Picture this: You are being audited by the IRS. The auditor has in front of him a tally sheet of potential penalties he is eager to impose upon you (and which the IRS needs to collect to staff up for data collection). To add insult to injury, he begins interrogating you about your personal healthcare information. Which plan do you have? Whose your doctor? What’s he treating you for? Can you prove it?
Is that a wart near the ring in your nose?
Perhaps I exaggerate. Perhaps not. That remains to be seen. But think about it. What if you and your spouse consult with an infertility expert, or, via blood transfusion, you contract HIV? Do you want IRS personnel knowing your personal medical situations?
But, you say, The Privacy Act of 1974, and the more recent HIPPA protect my personal information. Well, under the Privacy Act, three primary rights are guaranteed:
1. The right to see records about oneself, subject to Privacy Act exemptions;
2. The right to request the amendment of records that are not accurate, relevant, timely or complete; and
3. The right of individuals to be protected against unwarranted invasion of their privacy resulting from the collection, maintenance, use, and disclosure of personal information
What about HIPPA? Here’s a statement from the official HIPPA rulebook:
“A major goal of the Privacy Rule is to assure that individuals’ health information is properly protected while allowing the flow of health information needed to provide and promote high quality health care and to protect the public’s health and well being. The Rule strikes a balance that permits important uses of information, while protecting the privacy of people who seek care and healing. Given that the health care marketplace is diverse, the Rule is designed to be flexible and comprehensive to cover the variety of uses and disclosures that need to be addressed.”
That is the fine print that un-does what we all have believed the Privacy Act does.
Here are some of the exemptions, meaning information that government agencies are allowed to withhold from you.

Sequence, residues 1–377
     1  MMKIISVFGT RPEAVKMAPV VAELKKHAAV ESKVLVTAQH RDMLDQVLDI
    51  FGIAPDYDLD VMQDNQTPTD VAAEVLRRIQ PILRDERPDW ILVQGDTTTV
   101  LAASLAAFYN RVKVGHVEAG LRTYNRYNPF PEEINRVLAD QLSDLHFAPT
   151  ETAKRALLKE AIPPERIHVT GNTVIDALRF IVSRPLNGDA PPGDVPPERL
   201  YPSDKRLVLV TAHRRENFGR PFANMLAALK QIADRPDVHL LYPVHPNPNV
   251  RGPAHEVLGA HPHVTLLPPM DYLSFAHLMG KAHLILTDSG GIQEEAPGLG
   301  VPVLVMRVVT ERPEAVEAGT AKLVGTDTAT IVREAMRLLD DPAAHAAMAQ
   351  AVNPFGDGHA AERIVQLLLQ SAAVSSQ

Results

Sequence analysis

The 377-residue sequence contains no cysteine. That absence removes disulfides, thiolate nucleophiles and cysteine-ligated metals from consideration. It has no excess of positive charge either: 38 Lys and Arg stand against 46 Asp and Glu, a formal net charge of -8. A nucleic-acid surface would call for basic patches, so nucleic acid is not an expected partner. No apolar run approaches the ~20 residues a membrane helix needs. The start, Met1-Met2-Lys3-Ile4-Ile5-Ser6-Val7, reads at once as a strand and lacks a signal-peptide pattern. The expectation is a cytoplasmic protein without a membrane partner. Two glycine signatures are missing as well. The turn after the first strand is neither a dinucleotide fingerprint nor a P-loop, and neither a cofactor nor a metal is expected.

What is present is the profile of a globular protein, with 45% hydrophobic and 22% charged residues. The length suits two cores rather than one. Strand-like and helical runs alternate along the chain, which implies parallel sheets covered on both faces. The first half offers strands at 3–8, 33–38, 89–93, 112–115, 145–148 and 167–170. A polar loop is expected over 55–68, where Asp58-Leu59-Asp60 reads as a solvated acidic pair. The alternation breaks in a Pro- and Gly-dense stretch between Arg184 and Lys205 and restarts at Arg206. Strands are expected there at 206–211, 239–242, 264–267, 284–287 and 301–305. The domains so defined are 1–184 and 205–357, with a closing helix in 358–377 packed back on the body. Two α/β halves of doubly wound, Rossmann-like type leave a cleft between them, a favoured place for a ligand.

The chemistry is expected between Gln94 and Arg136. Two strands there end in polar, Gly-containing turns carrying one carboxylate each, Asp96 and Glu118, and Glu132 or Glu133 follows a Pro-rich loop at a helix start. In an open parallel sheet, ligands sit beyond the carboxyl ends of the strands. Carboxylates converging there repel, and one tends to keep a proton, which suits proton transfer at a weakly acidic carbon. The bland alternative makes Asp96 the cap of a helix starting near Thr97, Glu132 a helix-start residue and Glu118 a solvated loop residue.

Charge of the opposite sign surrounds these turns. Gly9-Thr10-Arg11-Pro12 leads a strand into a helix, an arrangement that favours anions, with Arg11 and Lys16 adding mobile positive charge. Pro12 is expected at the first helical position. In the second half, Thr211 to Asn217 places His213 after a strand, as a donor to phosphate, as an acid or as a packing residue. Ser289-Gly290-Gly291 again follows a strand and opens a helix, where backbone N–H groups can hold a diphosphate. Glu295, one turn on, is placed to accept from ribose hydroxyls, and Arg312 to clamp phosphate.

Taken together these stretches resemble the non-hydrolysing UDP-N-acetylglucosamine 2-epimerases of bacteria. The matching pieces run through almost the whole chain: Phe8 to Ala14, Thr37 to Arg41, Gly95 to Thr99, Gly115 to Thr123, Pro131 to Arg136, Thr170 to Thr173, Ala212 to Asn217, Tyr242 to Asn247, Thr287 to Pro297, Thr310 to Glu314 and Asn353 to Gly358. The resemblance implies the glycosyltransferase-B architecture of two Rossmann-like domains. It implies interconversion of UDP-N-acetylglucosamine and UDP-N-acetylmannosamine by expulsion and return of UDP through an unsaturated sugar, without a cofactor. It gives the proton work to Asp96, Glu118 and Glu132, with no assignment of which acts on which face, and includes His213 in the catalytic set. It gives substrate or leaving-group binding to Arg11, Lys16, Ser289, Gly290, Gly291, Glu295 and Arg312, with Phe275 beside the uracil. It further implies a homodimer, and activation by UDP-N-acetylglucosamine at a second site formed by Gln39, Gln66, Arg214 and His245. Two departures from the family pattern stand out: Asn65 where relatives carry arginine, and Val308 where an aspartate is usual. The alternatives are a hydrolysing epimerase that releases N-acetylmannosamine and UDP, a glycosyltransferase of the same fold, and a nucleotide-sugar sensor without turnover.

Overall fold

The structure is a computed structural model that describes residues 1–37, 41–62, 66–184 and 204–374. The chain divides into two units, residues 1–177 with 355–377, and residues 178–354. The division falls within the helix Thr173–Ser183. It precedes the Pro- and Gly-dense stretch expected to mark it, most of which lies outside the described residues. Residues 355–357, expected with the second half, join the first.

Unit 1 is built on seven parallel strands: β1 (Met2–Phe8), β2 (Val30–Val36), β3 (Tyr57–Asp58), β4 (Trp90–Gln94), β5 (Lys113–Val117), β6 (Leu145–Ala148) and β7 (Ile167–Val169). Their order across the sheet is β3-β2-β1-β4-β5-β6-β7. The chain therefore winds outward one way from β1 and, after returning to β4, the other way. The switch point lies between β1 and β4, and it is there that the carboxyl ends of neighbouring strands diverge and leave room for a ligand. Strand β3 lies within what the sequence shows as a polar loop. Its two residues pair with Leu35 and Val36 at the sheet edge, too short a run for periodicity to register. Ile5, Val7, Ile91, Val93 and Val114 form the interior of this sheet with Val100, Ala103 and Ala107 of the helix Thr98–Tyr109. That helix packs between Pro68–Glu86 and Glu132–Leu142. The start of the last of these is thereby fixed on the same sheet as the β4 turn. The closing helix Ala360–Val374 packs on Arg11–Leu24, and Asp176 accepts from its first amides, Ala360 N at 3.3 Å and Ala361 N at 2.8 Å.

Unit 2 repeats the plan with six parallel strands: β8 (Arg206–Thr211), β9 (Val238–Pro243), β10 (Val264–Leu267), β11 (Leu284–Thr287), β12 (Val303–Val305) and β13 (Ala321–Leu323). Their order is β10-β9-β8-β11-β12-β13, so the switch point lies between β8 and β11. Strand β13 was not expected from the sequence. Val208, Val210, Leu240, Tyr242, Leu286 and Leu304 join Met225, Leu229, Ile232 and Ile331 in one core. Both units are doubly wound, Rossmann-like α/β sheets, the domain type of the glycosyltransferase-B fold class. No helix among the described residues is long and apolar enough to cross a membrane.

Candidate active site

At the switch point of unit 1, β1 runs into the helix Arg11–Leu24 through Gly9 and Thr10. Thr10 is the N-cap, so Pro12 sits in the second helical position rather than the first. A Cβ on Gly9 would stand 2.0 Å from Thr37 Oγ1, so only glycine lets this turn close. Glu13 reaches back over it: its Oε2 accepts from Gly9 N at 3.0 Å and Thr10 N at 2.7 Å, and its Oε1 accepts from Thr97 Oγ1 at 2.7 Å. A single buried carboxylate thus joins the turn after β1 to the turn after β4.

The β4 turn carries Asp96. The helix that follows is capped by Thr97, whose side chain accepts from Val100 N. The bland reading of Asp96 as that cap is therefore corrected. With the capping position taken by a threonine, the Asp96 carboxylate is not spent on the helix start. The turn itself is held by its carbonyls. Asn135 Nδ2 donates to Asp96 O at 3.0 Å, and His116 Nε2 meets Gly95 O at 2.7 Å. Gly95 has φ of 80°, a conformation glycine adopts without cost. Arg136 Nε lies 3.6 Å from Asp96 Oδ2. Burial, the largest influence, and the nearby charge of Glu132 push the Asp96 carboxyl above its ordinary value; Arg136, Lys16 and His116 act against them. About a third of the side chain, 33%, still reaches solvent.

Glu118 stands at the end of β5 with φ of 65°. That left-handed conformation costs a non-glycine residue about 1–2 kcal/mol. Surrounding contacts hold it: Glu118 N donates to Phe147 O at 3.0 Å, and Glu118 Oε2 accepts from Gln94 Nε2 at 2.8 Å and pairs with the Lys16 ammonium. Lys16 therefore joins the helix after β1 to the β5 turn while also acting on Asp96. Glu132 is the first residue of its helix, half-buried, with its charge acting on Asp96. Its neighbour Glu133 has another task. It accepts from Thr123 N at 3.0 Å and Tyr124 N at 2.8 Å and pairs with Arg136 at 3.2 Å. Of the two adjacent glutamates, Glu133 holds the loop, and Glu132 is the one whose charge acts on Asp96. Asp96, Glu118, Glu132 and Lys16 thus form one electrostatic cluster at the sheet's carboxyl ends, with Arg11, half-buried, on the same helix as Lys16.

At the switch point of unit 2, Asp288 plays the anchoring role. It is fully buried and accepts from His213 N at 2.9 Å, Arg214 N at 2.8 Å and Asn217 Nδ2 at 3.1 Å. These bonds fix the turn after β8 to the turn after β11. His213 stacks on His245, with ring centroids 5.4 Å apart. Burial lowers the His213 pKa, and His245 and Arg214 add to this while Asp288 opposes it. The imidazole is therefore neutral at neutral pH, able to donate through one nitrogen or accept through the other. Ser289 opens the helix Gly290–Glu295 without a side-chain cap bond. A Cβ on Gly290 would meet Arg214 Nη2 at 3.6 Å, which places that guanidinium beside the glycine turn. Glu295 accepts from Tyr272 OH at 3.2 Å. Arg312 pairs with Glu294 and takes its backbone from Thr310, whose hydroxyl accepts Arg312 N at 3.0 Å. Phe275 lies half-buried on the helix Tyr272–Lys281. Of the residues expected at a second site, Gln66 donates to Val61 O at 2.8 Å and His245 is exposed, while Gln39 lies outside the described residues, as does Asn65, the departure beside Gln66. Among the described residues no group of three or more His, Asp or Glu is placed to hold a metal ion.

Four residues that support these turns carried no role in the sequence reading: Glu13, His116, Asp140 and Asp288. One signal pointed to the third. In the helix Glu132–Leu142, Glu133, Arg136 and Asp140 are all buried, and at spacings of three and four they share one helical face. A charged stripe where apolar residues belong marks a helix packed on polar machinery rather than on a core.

– Classified information for national defense or foreign policy [okay, don’t want this leaked]
– Information that is exempt under other laws [hmm, catch-all verbiage]
– Personnel and medical files [Bingo!]
Dr. Scott Gottlieb, writing for Forbes, says:
The IRS, Under Obamacare, [has] responsibility for verifying eligibility for the healthcare program, and monitoring whether you carry “qualifying” health coverage (and are exempt from the law’s penalties).The IRS was given expansive, new powers to execute these goals. That includes more authority to share your personal information — not only about your income, but also your healthcare.
And the agency’s reach only grows: Former IRS Commissioner Douglas Shulman told Congress last year that the agency would need another $13.1 billion to implement Obamacare in 2014, on top of the billion it has already spent.
Estimates say that eventually, the IRS will need a minimum of 5,000 and perhaps as many of 16,000 additional employees to carry out the new law’s many mandates.
The IRS is under fire this week, after its Director of Exempt Organizations Lois Lerner admitted on Friday that the agency targeted conservatives for special tax-exempt scrutiny during the 2012 election season. IRS targeted tea party types and groups that specifically opposed the Obama Administration.
This abuse should give everyone pause heading into the fall, when the IRS assumes the lead role in monitoring what kind of health insurance we carry, whether we are eligible for Obamacare, or subject to the legislation’s myriad list of financial penalties.
These are just [two] of the ways that the IRS will regulate your healthcare.
1. The IRS is responsible for implementing 47 new healthcare tax provisions under Obamacare. These include the right to levy a penalty against businesses and individuals who don’t provide or acquire insurance, determining how to distribute annual subsidies to those qualifying for subsidies to buy the Obamacare coverage, and deciding how to deliver tax credits to small businesses that buy coverage for workers.
2. The IRS will also include new paperwork with everyone’s tax returns starting next year, to monitor the decisions all of us make with respect to our health insurance. This tax document must contain sufficient information for taxpayers to prove that they purchased qualifying health insurance under Obamacare.
Many folks already complain about the access that our employers have to information on our health. You can thank a quirk of tax law that, years ago, made it more affordable to buy health insurance at work, rather than on our own.
If most of us had our druthers, the workplace would be the last place we’d want to get health coverage. Well, maybe the second to last place.
The last place we’d want to buy our coverage is through the IRS.
Well said, Dr. Gottleib. I concur. So, now we all must beware of stiff penalties, not for tax evasion, but healthcare enrollment evasion, lest we be labeled among America’s Most Wanted, gangsters elite, enemy #1, to be hunted down along with the likes of . . . .
You get the picture.
by T.M. Burroughs